Skip to main content Skip to main menu Skip to footer

Real Stories - Zelle scams

Real Stories - Zelle scams

Decrease Text Size Increase Text Size

Page Article

Missy Carlson says she received a text message from someone who claimed to work for her bank.

“It said ‘Did you authorize a $3,500 dollar payment? ‘Yes, or no,’ and she I texted 'No,'”.

“So, I called my bank, and while the line is ringing, I got a caller ID coming in and it said it was from my bank, and so I hung up and answered the call.”

Missy says the person on the other line claimed to work for my bank and even provided an employee ID number, which Missy later verified with her bank was actually a fake number.

She says the caller then explained how they were going to reverse the fraudulent transfer by having Missy send two transactions to herself, totaling $3,500.

“They said ‘I’m going to text you a number and you’re going to read the number to me.’ And I said, ‘Okay,’ and so I did, and then he said ‘Okay, now I need you to Zelle yourself a thousand dollars,”’ Missy explains.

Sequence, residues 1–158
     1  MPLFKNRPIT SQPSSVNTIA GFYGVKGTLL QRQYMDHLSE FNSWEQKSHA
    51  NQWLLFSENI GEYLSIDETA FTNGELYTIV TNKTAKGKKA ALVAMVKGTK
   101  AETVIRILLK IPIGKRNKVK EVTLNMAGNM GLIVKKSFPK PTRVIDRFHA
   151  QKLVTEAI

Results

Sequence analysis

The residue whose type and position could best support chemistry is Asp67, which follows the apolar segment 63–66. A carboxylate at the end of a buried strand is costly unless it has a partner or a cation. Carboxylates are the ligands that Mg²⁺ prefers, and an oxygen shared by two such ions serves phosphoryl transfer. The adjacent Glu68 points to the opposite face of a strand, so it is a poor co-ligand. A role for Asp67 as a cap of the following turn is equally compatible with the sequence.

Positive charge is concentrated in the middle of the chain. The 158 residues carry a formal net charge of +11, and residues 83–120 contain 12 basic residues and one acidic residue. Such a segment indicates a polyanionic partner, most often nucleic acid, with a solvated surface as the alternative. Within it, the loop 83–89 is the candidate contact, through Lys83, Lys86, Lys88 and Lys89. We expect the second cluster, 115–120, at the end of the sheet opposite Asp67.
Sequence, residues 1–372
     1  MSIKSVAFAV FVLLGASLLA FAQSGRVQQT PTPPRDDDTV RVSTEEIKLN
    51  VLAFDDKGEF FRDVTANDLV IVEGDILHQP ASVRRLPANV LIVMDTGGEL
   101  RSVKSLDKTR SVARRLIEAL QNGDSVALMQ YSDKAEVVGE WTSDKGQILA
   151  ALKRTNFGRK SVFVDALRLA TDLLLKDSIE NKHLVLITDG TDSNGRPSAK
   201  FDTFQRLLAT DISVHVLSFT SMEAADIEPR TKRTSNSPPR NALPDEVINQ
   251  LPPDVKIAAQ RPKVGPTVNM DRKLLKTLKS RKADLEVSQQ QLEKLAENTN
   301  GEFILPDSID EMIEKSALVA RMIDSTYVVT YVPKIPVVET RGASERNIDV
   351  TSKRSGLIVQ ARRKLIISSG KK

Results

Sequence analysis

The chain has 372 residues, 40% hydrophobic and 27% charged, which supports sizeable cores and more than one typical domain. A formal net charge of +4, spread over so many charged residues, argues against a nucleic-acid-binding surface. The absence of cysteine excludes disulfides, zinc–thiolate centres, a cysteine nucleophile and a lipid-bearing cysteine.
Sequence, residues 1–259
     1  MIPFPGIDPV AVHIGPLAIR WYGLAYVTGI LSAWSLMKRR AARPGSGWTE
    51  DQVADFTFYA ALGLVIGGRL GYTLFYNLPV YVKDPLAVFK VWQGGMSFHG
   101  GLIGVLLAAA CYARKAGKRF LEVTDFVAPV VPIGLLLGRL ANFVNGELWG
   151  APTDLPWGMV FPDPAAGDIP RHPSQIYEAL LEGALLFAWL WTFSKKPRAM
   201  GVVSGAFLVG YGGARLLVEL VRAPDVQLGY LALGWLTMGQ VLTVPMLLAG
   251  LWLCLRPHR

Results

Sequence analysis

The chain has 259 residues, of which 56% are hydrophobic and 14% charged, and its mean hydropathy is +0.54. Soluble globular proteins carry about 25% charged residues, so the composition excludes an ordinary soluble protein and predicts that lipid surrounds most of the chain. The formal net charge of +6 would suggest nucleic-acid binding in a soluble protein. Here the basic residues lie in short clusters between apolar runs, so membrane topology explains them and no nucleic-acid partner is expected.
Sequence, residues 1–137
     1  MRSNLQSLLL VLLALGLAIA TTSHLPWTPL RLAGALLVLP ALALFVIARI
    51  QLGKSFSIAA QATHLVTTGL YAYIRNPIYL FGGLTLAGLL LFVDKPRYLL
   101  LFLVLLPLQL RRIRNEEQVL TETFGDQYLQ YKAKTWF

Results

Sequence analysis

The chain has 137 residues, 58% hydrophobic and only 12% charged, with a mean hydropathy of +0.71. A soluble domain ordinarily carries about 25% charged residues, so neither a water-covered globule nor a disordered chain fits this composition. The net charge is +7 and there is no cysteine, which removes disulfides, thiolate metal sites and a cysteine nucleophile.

The whole situation didn't quite feel right, but with everything happening so fast, and the scammer saying and doing all the right things, she decided to listen to the scammers.

"I didn’t feel right about it, so I called the bank, and I went online immediately and saw that my money was gone,” Missy says.

Look out for these red flags:

  • The person contacting you about a problem with your bank account is pushy or aggressive.
  • They insist there's no other way to fix the problem then following their instructions.
  • If it is a text or email, their message has grammatical errors.

How to prevent this type of fraud:

  • Only use money transfer apps with people you know.
  • Never discuss account numbers, PINs, or other personal information with anyone who contacts you.
  • If the person claiming a problem with your account needs your account info, look up your credit union or bank's phone number yourself and call them.
  • Don't call the number in the text, email, or voice mail, as it will connect you with the scammers.
  • Chances are that when you call your bank or credit union, they will say there is nothing wrong, and that way you don't fall for the Zelle scam, and you don't waste your money.

Page Footer has no content